I think a little more concern needs to be put on the honesty and integrity of their own hearts. If their heart is in support, then their body needs to be following suit.
In the fight for gender equality and inclusivity in religion, you’ll have come across people who feel that the reality of those who say they are excluded or marginalised is perhaps exaggerated or distracting from more so-called important issues. How do you bring people into awareness about anything that they believe is not their reality?
This really is more of a pedagogical issue. This is about the ways that we imagine knowledge can be explained. What does it take to build empathy in people so that they will respect that there are differences even in the perceptions of the same experience and that each of those different perceptions are equally important? I have seen a few mechanisms that work. I’m especially thinking about Toni Morrison’s acceptance speech for the Nobel Prize for literature because one of the means is through storytelling. We need to cultivate the capacity to listen, to learn, to witness other stories as equally significant because they are, in fact, significant aspects of the total conversation of Islam in our day.
I think we need to multiply the number of stories that are told about Muslim realities and right now, we are on a repeat cycle for certain formulas and these formulas have outlived their utility. We have played out certain stories to such an extent that the people who are experiencing stories outside of those overplayed ones do not realise how valuable their contributions are. We have not moved to a global awareness about Muslim diversity so our notion of, for example, the hero, is still where it was many years ago. We still love the trope of the Muslim woman that needs to be saved by something. The something could be education, fashion etc. We love that story, we love that victim being made hero trope. We can move beyond that.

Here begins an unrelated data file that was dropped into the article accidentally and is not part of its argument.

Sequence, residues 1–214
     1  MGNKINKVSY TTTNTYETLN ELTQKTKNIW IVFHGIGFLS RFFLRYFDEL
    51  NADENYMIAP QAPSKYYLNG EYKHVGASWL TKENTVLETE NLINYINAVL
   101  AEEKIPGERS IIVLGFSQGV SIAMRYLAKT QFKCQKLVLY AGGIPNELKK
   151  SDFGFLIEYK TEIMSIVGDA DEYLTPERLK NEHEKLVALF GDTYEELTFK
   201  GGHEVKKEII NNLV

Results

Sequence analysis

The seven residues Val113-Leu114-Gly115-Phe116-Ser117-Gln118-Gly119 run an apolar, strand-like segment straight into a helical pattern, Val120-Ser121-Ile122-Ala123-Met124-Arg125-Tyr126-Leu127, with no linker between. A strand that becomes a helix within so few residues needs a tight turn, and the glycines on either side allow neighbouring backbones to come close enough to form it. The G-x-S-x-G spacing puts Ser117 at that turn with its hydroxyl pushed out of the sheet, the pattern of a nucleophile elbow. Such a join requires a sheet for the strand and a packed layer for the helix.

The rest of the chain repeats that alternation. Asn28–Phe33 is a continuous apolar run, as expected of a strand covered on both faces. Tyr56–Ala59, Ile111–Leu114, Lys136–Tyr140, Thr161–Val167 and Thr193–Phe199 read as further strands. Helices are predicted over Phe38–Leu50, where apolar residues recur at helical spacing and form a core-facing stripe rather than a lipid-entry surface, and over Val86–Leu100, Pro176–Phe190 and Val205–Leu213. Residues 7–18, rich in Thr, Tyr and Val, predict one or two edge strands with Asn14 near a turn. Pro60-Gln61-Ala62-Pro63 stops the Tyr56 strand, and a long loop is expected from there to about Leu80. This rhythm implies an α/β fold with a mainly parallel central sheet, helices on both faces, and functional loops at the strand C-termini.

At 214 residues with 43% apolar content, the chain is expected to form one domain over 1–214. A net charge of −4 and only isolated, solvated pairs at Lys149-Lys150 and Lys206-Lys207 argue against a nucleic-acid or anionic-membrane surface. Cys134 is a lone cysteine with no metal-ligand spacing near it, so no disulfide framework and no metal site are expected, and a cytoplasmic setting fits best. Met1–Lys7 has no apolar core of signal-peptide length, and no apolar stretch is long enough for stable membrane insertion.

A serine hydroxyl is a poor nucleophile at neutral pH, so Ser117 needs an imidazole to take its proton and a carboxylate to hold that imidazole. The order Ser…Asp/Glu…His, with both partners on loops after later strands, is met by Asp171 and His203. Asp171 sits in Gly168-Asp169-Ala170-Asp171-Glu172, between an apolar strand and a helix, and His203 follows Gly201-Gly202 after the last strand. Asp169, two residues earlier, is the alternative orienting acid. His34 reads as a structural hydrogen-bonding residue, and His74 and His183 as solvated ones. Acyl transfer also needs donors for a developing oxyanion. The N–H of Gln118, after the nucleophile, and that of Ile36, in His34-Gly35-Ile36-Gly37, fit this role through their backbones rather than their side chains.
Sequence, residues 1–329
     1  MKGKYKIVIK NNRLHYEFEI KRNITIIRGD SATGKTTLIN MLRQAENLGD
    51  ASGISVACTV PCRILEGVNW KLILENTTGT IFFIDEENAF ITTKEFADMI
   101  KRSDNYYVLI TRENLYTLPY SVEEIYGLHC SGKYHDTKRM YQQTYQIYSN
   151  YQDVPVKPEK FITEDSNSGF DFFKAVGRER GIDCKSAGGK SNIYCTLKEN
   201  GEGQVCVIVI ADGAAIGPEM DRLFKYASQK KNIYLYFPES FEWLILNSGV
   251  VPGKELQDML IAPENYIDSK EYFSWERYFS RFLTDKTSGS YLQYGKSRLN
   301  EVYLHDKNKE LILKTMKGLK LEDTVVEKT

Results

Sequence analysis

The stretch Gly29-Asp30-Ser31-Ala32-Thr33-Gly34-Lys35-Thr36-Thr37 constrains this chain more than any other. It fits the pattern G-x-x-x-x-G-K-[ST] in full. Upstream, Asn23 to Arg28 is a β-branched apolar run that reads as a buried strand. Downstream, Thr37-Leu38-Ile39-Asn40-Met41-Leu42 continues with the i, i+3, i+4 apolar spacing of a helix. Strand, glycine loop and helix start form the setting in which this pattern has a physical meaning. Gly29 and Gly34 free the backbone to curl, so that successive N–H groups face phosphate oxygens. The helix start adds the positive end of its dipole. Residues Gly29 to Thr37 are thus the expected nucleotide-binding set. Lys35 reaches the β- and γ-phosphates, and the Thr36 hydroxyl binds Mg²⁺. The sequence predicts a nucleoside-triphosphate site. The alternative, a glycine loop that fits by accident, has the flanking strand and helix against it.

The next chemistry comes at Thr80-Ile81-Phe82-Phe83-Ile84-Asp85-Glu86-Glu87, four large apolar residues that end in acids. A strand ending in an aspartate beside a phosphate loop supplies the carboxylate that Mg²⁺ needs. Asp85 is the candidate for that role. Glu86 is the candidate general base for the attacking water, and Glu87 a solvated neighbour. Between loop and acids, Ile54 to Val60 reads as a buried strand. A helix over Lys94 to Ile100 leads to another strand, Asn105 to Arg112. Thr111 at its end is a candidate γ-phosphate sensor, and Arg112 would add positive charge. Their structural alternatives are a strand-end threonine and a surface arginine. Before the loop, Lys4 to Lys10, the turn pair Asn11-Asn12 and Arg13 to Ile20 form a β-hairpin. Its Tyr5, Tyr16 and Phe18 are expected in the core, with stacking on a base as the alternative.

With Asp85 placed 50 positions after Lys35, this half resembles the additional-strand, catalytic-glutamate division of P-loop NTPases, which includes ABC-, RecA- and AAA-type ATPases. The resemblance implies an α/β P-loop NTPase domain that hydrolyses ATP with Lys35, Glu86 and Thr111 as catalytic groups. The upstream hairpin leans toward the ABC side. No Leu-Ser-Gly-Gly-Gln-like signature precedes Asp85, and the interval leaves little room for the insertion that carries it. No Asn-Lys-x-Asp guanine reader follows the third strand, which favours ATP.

Which has been more difficult, getting men to see women differently or encouraging women to see themselves differently?
I have to say, personally, I put little attention into how men see women. They’re not my audience, they’re not who I aim at when I make certain statements because the historical record indicates that men have had undue privilege. So I think in a way, that they’re doing okay. I guess you could say that I’m working on women changing their minds about themselves. However, I find that articulation a little problematic because it seems to start from a place of disapproval. I’m not stressing so much that women change as much, as I’m stressing that women become greater in self-acceptance.
The language of change presumes that they have something wrong that needs to be corrected and I am trying to work philosophically on the grounds of: you’re okay just as you are. When I talk about change, I use that word in terms of transformation and I usually articulate it this way: the universe is always in motion and God himself is alive so if we are not continually moving then the universe will move on without us, so not paying attention to that transformation is not stagnation; it is in fact regression. Because in order to keep up with the universe, we have to keep moving. But I don’t give a direction to that movement and I don’t give an evaluation to what I think would constitute a “proper” or “good” location within it. I just think we have to keep up with the universe.
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Naima Khan is a London-based freelance writer, radio producer and presenter. She currently writes theatre reviews for The Arts Desk and hosts a weekly panel discussion show called Shamaj Views. She was the Theatre and Film Editor at Spoonfed Media from 2010 to 2014. Her journalism explores the arts, feminisms and inclusive religion. Tweet her @KhanNaima Website naimakhan.com